The Quran is not like any ordinary book. It doesn’t follow any of the conventions of standard prose. It has no definite beginning nor end. There is no plot to follow and no neat resolution. It jumps abruptly from one account to another. Even its style changes with little warning, from a steady narrative to fast paced rhyming prose. Yet I found it strangely irresistible. It seemed to speak to me on a deep level and I found it comforting.



God is light upon light. Closer than your jugular vein, ready to answer the one who calls upon him. Wherever you turn there is the face of God. Be humble & avoid arrogance. Forgive and control your anger. Treat family, orphans & those in need with kindness. Stand up for justice & keep your trust. No one shall carry the burden of another and no one shall be wronged in the slightest. God sees and appreciates all you do. Not a leaf falls from a tree but God is aware of it.



I felt inspired & the words moved me to tears. I was certain it was the gentle and loving presence of God speaking to me. I spent most of the holiday reading Quran & meeting members of my extended family where conversations invariably turned to religion. I returned to England full of zeal & determination to immerse myself in Islam.



I immediately enrolled for a BA in Arabic & Islamic Studies at the School of Oriental and African Studies (SOAS) taking Tafseer & Pre-Islamic Poetry as my specialist subjects. I was fortunate to have three wonderful & charismatic Arabic scholars at SOAS at the time who in successive years each became my personal tutor during my 5 years there. Dr. David Cowan, the convert & author of Modern Literary Arabic, Dr. Wansbrough the author of Quranic Studies and Dr. Abdel Haleem the author of the popular translation of the Quran.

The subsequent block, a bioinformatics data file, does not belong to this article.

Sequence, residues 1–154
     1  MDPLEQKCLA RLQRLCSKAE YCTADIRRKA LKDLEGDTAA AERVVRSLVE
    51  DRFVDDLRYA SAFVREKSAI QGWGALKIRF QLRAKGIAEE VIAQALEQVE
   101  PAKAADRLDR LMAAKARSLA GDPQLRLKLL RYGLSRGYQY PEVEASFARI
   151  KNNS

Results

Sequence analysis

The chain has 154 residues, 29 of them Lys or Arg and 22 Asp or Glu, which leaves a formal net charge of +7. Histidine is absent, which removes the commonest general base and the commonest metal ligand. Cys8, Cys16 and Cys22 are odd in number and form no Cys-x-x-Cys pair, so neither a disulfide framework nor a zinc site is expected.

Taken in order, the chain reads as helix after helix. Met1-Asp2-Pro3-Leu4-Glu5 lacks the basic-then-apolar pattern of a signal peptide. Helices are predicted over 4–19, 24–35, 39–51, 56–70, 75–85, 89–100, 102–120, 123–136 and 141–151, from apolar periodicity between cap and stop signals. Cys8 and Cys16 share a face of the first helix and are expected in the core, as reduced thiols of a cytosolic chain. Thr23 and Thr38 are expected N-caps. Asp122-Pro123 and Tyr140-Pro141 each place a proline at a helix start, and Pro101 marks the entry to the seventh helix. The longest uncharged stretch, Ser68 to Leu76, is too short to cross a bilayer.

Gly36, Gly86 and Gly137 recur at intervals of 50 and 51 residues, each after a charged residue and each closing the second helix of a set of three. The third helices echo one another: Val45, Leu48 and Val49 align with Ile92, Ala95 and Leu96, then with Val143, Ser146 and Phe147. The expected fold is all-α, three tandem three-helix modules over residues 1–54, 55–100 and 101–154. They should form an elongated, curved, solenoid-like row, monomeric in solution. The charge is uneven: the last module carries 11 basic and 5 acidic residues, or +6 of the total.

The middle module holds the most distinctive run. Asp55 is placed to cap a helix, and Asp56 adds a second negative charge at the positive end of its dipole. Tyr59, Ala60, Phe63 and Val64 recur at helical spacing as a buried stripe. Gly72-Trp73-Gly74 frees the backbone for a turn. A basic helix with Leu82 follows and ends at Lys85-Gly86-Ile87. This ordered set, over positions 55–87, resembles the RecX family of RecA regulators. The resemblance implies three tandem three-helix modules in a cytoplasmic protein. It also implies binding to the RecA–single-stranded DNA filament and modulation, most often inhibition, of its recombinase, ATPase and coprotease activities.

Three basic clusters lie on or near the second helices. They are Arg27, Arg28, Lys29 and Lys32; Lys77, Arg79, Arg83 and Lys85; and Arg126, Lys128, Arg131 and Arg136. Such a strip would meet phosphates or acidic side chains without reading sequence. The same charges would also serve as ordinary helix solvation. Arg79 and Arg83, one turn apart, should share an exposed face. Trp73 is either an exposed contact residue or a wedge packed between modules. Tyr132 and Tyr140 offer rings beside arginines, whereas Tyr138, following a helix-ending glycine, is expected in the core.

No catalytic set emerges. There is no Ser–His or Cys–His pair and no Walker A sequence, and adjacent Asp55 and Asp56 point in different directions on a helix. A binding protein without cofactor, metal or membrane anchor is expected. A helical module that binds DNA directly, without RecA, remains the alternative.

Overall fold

As a young Muslim keen to soak up everything I could about Islam, I found the atmosphere at SOAS invigorating. I attended every extra-curricular lecture and debate. I devoured anything and everything that had Islam as its subject matter and the SOAS Library became my home, with its shelves packed full of rare manuscripts. I stayed late into the night and regularly had to be asked to leave by staff locking up.